- After the bucket brigade, we encountered hurdles… not 1, not 2, but SIX. That’s the most I’ve ever seen in a row. Just 2 Spartan races ago in Asheville, I finally made it up a hurdle. Now, I had six in a row. I put the wetsuit back on for this, to not have a big lump in the way. I had to shuffle around my buffs and hat, too, which took time. But in the end, I was ready, and I made it across them all.
- We ran back into the festival, where we met a balance beam. It wasn’t your ordinary balance beam. They cut away the lower corners, so that only a small surface area was flat. It was wobbly. I tested it a bunch with one foot before “committing”, but I fell after stepping halfway. Bummer. Didn’t think I’d have to burpee on the balance beam. Fourth set of burpees (monkey, spear, ape, balance). Then, the herc hoist… another nemesis since the 2015/6 weight increase… jumped onto the rope and tried to pull down, and it barely budged, so I went to burpees. Fifth set. Then, the “dunk” into the water. It was a small body of water, and it was at a lower elevation, so it wasn’t too cold. Everyone was prepping their gear into dry bags prior to going in. There was a wall above the water that forced you to put your whole body including your head under water. Did the slip wall, then the Spartan bridge, then into the transition area.
- Transition areas are fun, because it’s a unique thing that you only get to experience at long races. I love gear, so I like visiting transition areas. The only other time I’ve done it is at BFX, where we got to visit it every 5 miles. I found my bucket and brought it into the sun to stay warm while I traded wrappers for new food supplies. I ditched water containers and a second dry sack, since the aid stations were sufficient, and the larger dry stack was enough. I kept the headlamp, because it was required for anyone still on the course at 2:30. It was a little before noon when I went into the transition area, so I had a 5-hour and something first lap. Since it had been warm running downhill in the latter part of the first lap, I had considered ditching my wetsuit and going in clothes. However, I heard that they shut down the ape hanger at the summit because it was too cold and starting to freeze. In that case, I’d keep my wetsuit on. It wasn’t too bad running in it, anyways. For most of the course, it felt like a magic wetsuit. It felt warm in the cold weather, and it didn’t overheat most of the time. I drank some of my hydration, ate a bit extra, and headed off to my second lap. As I left, a staff member handed me a blue wristband to wear along with my UB green wristband, to indicate that I was on my second lap.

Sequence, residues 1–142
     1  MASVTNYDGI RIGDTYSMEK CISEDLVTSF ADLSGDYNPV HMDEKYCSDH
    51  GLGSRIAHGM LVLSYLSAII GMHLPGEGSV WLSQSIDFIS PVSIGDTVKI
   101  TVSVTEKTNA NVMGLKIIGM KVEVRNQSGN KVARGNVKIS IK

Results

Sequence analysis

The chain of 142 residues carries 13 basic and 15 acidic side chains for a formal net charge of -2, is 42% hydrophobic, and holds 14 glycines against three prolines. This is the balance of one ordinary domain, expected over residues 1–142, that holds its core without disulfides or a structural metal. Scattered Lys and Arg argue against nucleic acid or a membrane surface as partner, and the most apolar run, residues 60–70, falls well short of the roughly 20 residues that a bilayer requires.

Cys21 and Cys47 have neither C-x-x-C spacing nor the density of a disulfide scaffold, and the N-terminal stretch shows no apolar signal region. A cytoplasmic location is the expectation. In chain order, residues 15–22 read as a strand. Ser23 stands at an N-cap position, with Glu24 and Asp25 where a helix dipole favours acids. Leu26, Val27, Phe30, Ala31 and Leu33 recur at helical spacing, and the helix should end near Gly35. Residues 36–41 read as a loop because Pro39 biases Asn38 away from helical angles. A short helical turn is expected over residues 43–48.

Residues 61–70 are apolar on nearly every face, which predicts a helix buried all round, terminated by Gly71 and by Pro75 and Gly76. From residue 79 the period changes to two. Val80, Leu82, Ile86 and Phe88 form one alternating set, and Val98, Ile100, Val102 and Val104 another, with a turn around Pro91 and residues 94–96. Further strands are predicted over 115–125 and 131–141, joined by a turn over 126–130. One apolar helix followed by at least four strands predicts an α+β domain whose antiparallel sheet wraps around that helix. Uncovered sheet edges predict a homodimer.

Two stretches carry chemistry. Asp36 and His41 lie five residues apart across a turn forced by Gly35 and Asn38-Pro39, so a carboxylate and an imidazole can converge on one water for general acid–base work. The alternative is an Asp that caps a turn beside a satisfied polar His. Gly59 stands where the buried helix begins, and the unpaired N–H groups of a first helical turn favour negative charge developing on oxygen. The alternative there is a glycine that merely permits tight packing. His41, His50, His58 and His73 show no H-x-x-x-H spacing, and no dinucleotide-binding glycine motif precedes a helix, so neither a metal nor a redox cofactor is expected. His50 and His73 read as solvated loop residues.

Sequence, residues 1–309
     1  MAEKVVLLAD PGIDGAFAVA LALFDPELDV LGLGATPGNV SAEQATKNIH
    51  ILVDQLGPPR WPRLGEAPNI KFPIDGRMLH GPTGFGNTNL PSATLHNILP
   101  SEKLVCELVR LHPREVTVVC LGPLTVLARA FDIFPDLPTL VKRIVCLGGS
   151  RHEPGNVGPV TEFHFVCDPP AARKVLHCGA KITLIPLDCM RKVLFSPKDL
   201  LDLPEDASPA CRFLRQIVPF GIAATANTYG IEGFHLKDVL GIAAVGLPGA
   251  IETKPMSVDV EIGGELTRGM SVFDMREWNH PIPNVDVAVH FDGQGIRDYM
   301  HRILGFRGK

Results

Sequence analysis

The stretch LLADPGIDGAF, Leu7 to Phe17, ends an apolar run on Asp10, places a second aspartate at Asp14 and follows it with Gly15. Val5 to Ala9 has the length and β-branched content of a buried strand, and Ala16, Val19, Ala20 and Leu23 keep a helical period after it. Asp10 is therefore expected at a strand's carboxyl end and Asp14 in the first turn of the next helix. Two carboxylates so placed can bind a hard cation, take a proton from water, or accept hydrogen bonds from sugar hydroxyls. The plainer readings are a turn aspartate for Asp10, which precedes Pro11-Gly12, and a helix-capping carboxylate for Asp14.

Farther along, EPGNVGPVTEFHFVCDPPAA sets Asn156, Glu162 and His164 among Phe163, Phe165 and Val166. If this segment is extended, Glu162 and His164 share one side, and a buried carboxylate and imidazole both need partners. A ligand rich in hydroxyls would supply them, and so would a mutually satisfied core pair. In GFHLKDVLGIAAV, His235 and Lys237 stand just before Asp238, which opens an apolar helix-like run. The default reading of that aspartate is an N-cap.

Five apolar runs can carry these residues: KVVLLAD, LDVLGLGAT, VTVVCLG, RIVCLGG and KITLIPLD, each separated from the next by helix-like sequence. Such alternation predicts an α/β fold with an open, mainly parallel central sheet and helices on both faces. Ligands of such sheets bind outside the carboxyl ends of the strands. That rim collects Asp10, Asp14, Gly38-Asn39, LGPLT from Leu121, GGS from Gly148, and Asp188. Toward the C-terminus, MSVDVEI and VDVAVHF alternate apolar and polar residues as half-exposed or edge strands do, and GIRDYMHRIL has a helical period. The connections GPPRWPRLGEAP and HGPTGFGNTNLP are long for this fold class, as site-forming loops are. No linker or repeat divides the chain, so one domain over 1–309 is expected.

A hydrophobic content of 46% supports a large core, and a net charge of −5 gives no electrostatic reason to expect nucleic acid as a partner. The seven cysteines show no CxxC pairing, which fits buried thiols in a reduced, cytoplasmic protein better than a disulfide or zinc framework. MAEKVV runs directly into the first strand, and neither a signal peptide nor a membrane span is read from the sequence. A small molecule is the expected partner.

- Going out again through the parking lot, my stomach was in great pain. There was a big grimace on my face. The volunteers along the course probably thought it was because of the running effort, but no, it was just fizz. Concrete barrier, mounds of grounds, O-U-T, walls. There were far fewer people around this early part of the course, than there were in the morning. As I started going up the first hill (the 4-mi one), I soon started seeing many around me – the Sprint racers. It was nice being able to hang with them, even though this was my second lap. I failed on the higher wall this time. It was with my gloves on. Maybe if I had taken off the gloves, it would’ve been better. I had to use the restroom. Maybe I wouldn’t have been able to make it anyway. Regardless, I ended up doing my 6th set of burpees. Failed on Monkey bars again… at least they were all kind enough to let the UBer try first, which I had read about online as a convention. 7th set of burpees. Made it through the two top-of-the-mountain hurdles. Headed back down the mountain. Made it through the Thigh Master and Inverted Wall in the festival area, too.
- I noticed that the backs of my hands were really puffed up – I guess that’s called edema. I don’t know whether I was hyponatremic, or if it was altitude-related, or if I had too much sodium and was retaining water. Odd, but caused no harm. It took a day or two for my hands to go back to normal.
- One piece of gear that I was really glad to have were the buffs. I had three of them. They can all go around my neck, or one can go around my head and the others around my neck, etc. They’re versatile and lightweight. Not only did they offer warmth where it matters most (around the neck/head), but they also offered sun protection and dust protection. The latter was key on the dirt service roads, when staff cars came rolling by, or when the wind kicked up sand.
- Back up the 9-mile hill. I got passed going up the hill, and did some passing. Some were UBers, some were Beasts. A-frame cargo, 7-foot wall, stairway to Sparta (there’s a chance that these are on the way down the mountain, and not up, but it’s hard to remember). At one point, I thought I saw the Spear Throw up ahead. I thought that after running just a bit, I’d get another chance at it. But it didn’t appear. I wondered if it was a mirage. Eventually, I did see it, way farther up the course than I remembered. My chance at finally making it. I gave it the running start, but as the spear started flying, the rope wrapped around my hand and jerked the spear backwards… fail… bother. 8th set of burpees. As I was running up to the Spear Throw, a volunteer said that they closed the gauntlet, because the conditions were deteriorating up there. Just before he said that, it had started snowing.